I struggle with this too, as my dad was a game bird hunter, and the fall always reminds me of it being pheasant, quail, partridge or duck season. My dad’s father passed away when my dad was only 18/19 and he was the only boy in the family, growing up with a sister and a gaggle of girl cousins, and aunts. I think hunting for him was a way to bond with his uncle (my great uncle) Jim, who showed him how to hunt, and they’d often go out each season.
    We did eat everything he brought home (like it or not) and we knew in the fall never to ask a friend to get something out of the fridge, knowing they’d encounter a tidy pile of birds in there.
    I don’t necessarily agree with hunting just for sport, but I do know that my dad and many of his hunting pals were active in supporting the preservation of open space and wetlands, and he’d often lament when we’d drive past a place he used to hunt, that is now a giant suburban development.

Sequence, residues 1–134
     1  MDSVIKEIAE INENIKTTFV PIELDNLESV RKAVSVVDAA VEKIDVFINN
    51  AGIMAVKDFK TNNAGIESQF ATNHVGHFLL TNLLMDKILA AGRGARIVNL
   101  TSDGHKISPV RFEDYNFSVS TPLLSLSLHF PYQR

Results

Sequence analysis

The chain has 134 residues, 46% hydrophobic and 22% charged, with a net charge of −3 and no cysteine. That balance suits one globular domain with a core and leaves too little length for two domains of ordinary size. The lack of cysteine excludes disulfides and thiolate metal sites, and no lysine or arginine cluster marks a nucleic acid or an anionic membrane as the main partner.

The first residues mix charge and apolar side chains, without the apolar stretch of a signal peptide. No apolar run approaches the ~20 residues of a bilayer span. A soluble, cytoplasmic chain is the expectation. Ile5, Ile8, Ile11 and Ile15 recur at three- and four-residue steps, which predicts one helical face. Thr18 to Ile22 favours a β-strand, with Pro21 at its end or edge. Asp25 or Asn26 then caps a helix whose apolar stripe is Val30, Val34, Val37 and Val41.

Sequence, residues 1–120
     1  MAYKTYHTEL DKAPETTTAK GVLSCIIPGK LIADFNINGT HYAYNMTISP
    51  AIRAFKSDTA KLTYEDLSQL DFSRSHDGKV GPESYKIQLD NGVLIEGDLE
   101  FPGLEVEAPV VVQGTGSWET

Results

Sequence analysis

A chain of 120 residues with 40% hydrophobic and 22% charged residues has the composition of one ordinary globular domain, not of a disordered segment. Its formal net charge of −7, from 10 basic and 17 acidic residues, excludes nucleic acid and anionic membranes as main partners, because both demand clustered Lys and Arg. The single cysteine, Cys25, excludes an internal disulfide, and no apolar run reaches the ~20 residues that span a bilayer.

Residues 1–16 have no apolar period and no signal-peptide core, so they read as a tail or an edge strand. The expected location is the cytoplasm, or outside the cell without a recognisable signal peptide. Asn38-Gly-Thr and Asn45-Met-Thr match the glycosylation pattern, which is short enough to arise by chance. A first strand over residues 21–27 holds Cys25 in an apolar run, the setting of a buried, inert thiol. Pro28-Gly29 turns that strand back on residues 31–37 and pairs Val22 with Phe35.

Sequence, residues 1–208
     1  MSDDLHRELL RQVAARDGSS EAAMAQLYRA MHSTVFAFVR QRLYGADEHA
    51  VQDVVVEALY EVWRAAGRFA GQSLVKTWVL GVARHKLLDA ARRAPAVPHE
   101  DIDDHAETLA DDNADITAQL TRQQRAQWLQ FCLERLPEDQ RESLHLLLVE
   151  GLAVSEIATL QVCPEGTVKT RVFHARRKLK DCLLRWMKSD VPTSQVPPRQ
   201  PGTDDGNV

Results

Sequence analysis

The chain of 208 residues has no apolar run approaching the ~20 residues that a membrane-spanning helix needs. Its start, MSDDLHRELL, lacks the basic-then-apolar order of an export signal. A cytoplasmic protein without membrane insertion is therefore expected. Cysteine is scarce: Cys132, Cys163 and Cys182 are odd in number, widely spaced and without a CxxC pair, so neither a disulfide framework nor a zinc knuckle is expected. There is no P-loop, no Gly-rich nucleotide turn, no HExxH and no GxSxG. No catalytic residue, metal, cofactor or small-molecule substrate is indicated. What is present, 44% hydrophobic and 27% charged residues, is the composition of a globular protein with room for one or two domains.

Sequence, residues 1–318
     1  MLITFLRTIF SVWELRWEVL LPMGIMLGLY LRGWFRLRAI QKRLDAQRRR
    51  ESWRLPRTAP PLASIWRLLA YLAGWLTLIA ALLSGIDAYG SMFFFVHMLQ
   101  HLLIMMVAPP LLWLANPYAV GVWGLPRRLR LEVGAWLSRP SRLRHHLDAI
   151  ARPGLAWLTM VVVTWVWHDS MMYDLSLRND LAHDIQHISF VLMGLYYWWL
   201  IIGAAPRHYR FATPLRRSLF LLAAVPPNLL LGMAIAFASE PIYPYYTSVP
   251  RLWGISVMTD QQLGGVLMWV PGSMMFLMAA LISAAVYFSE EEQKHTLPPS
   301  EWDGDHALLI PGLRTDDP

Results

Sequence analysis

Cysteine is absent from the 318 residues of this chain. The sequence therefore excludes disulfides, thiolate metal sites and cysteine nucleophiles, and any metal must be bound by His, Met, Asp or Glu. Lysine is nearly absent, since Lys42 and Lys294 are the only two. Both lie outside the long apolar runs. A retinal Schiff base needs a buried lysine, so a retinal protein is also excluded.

Many times he came home empty handed, and mum said she thinks he just liked to walk around the woods with his dogs and his cronies, and this was a good excuse. I too have to remember that that these were different times. No one in my generation hunts, and even our dog Rigby (who’s mother was a national field trial champion) isn’t trained in the sporting ways of his ancestors.
    Thanks for bringing this up, and making me think of my dad – he passed away almost 3 years ago this October.
    Mod Betty


  3. I have been reading Mary McCarthy’s novel “The Group” and have had a similar shock in regard to women’s sexuality circa the 1930s! It’s easy to start thinking that we’ve come a long way…but we have a ways to go, too.